The Deep (1977)

Rating: ****
Review Date: 4/15/17
Director: Peter Yates
Writer: Peter Benchley
Music: John Barry
Cast: Robert Shaw, Nick Nolte, Jacqueline Bisset, Louis Gossett Jr., Eli Wallach

David (Nick Nolte) and Gail (Jacqueline Bisset) are two young lovers vacationing in Bermuda. While diving, they explore the wreck of a World War II freighter and find a strange ampoule of morphine. It doesn't take long before drug lord Cloche (Louis Gossett Jr.) finds out about the discovery, and threatens them with violence if they don't cooperate. Together with treasure hunter Romer Trece (Robert Shaw), David and Gail head back to the sunken ship to retrieve the rest of the morphine and whatever other treasure they can find. Hungry sharks, armed thugs, voodoo witch doctors, and one very large moray eel hinder their progress.

First and foremost, the underwater cinematography is astounding and the film looks absolutely fantastic. The challenging shoot rivals that of "The Abyss" (1989), and apart from a handful of dangerous stunt shots, the actors did all of their own dive sequences in the waters of Bermuda, the British Virgin Islands, and Australia. This brings an astonishing level of realism, tension, and terror to the production, especially when you see Nick Nolte trapped underwater without any breathing apparatus. Robert Shaw gives an excellent performance as a grouchy and world-weary adventurer who still has a gleam in his eye for sunken treasure. Despite his rude and unpleasant demeanor, he takes David and Gail under his wing and protects them from Cloche's hired goons. Jacqueline Bisset is fabulous and her character is portrayed with unflinching confidence, honesty, and strength. She's also quite beautiful, and the shockingly sexy opening sequence of her in a wet t-shirt is alone worth the price of admission. Another heart stopping sequence is the shark feeding frenzy, which took over seven hundred dives to complete. It's real, raw, and truly frightening.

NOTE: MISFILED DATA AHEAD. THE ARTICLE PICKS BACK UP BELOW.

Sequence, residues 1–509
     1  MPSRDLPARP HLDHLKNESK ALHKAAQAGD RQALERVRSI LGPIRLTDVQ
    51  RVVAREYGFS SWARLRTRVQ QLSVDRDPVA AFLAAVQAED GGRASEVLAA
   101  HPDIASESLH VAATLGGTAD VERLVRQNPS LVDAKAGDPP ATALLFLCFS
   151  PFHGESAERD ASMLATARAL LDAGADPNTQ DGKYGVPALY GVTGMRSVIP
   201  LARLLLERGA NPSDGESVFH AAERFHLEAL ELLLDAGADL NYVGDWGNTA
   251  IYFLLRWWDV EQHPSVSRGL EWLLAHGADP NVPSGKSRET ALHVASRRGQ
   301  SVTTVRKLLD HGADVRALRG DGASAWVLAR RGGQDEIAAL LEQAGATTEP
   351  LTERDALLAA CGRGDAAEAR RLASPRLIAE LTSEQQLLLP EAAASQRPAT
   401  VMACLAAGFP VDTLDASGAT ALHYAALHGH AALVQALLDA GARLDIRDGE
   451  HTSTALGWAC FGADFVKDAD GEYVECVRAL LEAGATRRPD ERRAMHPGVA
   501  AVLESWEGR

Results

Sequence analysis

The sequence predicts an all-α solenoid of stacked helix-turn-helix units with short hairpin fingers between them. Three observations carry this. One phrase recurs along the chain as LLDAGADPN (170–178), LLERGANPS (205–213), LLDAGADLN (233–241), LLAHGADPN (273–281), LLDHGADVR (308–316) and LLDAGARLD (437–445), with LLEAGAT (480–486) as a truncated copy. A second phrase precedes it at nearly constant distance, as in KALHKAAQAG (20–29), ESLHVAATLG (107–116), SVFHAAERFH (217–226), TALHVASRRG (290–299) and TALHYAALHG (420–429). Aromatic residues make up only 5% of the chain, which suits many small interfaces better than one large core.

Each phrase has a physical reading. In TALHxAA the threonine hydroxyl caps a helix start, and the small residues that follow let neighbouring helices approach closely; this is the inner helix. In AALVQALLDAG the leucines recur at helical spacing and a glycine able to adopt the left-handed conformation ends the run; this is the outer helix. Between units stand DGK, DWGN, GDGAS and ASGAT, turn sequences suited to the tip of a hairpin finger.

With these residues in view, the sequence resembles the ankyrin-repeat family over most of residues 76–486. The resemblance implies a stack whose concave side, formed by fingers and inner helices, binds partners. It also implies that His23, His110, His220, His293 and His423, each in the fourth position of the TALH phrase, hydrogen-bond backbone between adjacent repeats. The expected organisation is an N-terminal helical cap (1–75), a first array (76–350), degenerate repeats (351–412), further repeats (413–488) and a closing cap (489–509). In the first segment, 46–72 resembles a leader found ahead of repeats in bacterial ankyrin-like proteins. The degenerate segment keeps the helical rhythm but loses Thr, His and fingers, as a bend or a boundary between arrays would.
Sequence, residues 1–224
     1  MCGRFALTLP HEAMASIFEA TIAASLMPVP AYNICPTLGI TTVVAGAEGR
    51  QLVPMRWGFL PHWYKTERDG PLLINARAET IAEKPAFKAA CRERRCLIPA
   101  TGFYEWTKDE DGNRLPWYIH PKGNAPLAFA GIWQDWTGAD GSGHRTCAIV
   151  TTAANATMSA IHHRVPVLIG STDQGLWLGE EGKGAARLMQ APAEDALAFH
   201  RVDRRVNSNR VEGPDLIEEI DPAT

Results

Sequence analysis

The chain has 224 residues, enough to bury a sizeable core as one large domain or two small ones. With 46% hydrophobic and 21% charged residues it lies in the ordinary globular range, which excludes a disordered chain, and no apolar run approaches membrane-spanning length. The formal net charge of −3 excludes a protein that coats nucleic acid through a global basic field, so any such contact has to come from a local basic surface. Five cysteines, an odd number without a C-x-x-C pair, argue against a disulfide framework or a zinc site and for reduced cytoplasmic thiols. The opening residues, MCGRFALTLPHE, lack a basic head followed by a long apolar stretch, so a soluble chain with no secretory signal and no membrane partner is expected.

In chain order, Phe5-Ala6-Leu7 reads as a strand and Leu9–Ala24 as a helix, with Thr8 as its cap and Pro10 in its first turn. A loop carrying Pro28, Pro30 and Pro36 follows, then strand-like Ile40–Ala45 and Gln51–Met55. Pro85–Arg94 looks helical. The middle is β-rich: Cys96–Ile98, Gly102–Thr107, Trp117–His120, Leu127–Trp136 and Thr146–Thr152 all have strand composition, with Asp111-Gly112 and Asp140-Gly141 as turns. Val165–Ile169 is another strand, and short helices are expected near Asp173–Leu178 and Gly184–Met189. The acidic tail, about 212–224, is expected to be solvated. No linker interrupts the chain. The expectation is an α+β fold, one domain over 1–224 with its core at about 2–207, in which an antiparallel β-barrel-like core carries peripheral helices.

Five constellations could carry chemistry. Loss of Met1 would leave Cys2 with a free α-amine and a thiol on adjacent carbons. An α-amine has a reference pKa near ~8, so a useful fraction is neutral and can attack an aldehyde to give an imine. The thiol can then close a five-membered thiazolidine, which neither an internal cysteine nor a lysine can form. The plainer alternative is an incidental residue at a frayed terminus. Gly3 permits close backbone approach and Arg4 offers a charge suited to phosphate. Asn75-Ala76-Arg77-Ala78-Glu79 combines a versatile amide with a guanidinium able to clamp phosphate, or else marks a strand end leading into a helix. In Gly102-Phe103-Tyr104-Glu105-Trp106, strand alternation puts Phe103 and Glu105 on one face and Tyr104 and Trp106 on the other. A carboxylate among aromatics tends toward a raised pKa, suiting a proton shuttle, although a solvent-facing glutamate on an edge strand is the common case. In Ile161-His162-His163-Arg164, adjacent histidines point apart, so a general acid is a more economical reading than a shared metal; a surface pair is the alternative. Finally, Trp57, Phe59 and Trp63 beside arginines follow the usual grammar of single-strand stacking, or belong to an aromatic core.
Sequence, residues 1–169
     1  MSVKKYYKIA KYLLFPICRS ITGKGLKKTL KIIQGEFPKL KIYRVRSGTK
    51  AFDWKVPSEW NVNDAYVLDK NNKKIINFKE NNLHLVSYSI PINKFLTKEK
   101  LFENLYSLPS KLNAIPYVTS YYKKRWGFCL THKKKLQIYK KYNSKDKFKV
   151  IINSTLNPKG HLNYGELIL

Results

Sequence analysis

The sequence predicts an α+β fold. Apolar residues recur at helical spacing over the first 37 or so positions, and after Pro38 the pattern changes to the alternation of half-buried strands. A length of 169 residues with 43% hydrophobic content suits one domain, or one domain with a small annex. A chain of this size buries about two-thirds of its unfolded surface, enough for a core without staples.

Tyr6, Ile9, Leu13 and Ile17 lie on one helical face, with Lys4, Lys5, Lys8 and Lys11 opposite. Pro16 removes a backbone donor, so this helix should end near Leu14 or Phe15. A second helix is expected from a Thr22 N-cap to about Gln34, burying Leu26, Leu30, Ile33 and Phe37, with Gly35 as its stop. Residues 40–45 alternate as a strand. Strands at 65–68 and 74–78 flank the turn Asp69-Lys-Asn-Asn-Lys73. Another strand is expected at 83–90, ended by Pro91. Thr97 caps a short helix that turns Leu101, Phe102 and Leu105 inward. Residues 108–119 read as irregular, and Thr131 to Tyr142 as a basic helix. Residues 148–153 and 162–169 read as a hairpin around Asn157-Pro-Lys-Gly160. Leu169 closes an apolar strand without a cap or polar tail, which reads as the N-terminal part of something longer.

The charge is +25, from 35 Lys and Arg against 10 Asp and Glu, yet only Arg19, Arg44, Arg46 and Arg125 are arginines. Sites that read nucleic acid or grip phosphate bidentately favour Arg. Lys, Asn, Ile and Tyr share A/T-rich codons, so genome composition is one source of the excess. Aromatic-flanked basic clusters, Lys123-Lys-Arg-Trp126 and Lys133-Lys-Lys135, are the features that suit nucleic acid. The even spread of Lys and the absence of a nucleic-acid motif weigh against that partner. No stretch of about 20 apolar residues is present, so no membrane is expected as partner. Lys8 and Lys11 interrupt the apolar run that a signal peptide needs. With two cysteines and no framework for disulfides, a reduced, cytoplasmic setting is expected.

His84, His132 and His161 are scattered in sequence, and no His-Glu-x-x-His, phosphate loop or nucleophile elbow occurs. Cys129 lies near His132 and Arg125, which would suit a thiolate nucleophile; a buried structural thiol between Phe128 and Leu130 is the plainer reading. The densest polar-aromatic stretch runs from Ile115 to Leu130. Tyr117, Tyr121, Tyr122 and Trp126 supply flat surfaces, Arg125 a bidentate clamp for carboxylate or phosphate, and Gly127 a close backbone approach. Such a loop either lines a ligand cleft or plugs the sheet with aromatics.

Despite the high production values and stellar photography, the miniature sunken ship and mechanical eel are decidedly tacky looking. The pacing can also be challenging at times, and it feels like the film could be tightened up a bit. That said, even though it's two hours long, there's also a three hour long director's cut, and I'm thankful for the edits that were made for the theatrical version. The biggest disappointment is the overly contrived happy ending, which is oddly out of character and feels like a Hollywood cop-out. However, this should in no way deter you from checking out this stunning and amazing thriller.